Price to pay for being too loyal?
In the end, 21 loyalist lawmakers did call for a public consultation on the controversial by-election plan, before the government agreed to the climbdown. But many will pay for their initial objection, critics say.
Regina Ip Lau Suk-yee is likely to emerge a winner for helping secure the government concession, while hard-core loyalists the Democratic Alliance for the Betterment and Progress of Hong Kong could pay a political price for objecting until the last minute to any consultation.
Observers say the gains and losses could be reflected in the district council election in November.
Dr James Sung Lap-kung, a City University political scientist, said that Ip, as chairwoman of the New People's Party and a former security minister, had built a clear image for her party: it is government-friendly but will exercise checks and balances on the administration when it matters. 'She is sending a clear message to the voters that her party would not blindly follow the government,' he said. 'This can help her party in its debut in November's district polls.'
Ip has been strongly advocating consultation and is a harsh critic of the government's performance in tackling the controversy.
The administration has proposed that midterm vacancies for directly elected Legislative Council seats should be filled by people from the same party as the former incumbent or, if the party list is exhausted, the next-best-placed candidate in the previous election.
The government aims to stop lawmakers resigning seats to trigger by-elections. Some pan-democrats did so last year over electoral reform, hoping the by-elections would serve as a de facto referendum on the pace and scope of democratisation.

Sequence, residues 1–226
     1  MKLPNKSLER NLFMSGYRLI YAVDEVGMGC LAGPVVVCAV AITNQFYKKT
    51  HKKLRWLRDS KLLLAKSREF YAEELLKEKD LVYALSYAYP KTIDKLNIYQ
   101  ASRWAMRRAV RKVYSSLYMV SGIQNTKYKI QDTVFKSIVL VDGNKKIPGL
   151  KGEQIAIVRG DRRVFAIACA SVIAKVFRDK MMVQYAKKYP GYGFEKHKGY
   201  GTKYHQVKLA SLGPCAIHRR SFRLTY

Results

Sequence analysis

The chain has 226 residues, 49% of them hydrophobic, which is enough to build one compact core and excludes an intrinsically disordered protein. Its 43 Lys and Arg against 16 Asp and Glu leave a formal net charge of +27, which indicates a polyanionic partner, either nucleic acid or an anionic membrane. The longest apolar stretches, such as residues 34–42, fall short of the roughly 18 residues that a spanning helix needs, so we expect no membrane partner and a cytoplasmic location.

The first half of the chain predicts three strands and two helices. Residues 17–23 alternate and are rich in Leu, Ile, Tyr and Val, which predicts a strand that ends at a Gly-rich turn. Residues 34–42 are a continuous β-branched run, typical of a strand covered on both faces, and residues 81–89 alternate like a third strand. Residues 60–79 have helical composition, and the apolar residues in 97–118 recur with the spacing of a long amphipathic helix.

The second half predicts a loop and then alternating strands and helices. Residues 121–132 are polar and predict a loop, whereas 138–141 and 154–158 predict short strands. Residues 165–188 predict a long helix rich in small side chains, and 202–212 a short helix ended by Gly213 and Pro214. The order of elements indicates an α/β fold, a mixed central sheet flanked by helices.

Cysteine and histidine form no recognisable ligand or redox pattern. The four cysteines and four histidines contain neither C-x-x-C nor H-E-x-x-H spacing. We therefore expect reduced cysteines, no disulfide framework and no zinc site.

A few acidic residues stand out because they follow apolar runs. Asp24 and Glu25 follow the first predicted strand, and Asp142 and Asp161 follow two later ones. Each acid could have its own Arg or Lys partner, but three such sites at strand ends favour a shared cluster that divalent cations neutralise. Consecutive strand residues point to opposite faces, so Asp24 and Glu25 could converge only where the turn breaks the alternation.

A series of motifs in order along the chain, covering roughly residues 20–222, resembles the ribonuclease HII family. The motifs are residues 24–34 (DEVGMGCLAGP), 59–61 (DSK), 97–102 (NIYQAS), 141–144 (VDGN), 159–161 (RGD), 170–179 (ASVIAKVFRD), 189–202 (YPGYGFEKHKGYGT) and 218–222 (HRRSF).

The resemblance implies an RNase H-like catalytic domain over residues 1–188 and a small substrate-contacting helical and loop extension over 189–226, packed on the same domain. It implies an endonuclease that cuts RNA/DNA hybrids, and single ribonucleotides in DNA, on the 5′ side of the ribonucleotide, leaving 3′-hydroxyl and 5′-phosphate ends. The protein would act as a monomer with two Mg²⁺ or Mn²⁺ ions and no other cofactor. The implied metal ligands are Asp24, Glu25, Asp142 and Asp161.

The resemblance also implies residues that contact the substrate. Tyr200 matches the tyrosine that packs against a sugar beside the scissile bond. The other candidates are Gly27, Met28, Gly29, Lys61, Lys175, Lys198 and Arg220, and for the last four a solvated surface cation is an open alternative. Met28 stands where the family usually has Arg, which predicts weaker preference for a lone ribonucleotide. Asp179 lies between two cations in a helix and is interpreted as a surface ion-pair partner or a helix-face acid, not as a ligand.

'If the government wants to defuse the bomb, it had better make use of the summer recess to consult people,' Ip said on Saturday.
She also indirectly jibed at the performance of Secretary for Mainland and Constitutional Affairs Stephen Lam Sui-lung. 'You people shouldn't humiliate him. It's just a job for him,' she said on Sunday. She came under similar fire when promoting the national security legislation as security chief in 2003.
Sung said the DAB and the Federation of Trade Unions - staunch government supporters - would suffer after the government U-turn. 'The two parties have been positioning themselves as part of the ruling coalition, so the sudden U-turn is a kick in the teeth for them,' he said.
As late as Sunday, DAB chairman Tam Yiu-chung was still saying that the bill had to be passed on July 13 to ensure that district council candidates - and possibly also hopefuls for the new district council functional seats - were informed of the changed electoral rules. Tam said yesterday: 'Some members of the Legco bills committee want more consultation. The problem of not informing the district poll candidates of the rules remains ... so they should take different cases into consideration.'
FTU lawmaker Wong Kwok-kin had also said that deferring voting on a by-election ban was impractical.
Professional Forum's Dr Priscilla Leung Mei-fun faces political pressure too, as the Kowloon West lawmaker was the first to suggest banning by-elections, to prevent the so-called referendum loophole. She remained undecided on how to vote on the bill before the government announced the U-turn yesterday.
There is pressure, too, on constitutional minister Lam, who now faces calls to step down. Professor Ma Ngok, a political scientist at Chinese University, said he should step down to shoulder political responsibility for mishandling the legislation.
But Democratic Party lawmaker Cheung Man-kwong said even resignation by Lam could not solve the core problem. 'Throughout the whole controversy, Lam is Beijing's puppet and messenger only,' he said.